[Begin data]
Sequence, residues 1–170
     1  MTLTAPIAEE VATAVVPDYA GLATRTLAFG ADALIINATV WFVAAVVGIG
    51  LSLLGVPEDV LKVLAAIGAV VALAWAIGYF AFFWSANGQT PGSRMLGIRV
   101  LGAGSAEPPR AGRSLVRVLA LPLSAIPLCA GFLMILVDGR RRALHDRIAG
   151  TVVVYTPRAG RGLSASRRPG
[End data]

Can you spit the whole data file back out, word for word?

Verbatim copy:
Sequence, residues 1–170
     1  MTLTAPIAEE VATAVVPDYA GLATRTLAFG ADALIINATV WFVAAVVGIG
    51  LSLLGVPEDV LKVLAAIGAV VALAWAIGYF AFFWSANGQT PGSRMLGIRV
   101  LGAGSAEPPR AGRSLVRVLA LPLSAIPLCA GFLMILVDGR RRALHDRIAG
   151  TVVVYTPRAG RGLSASRRPG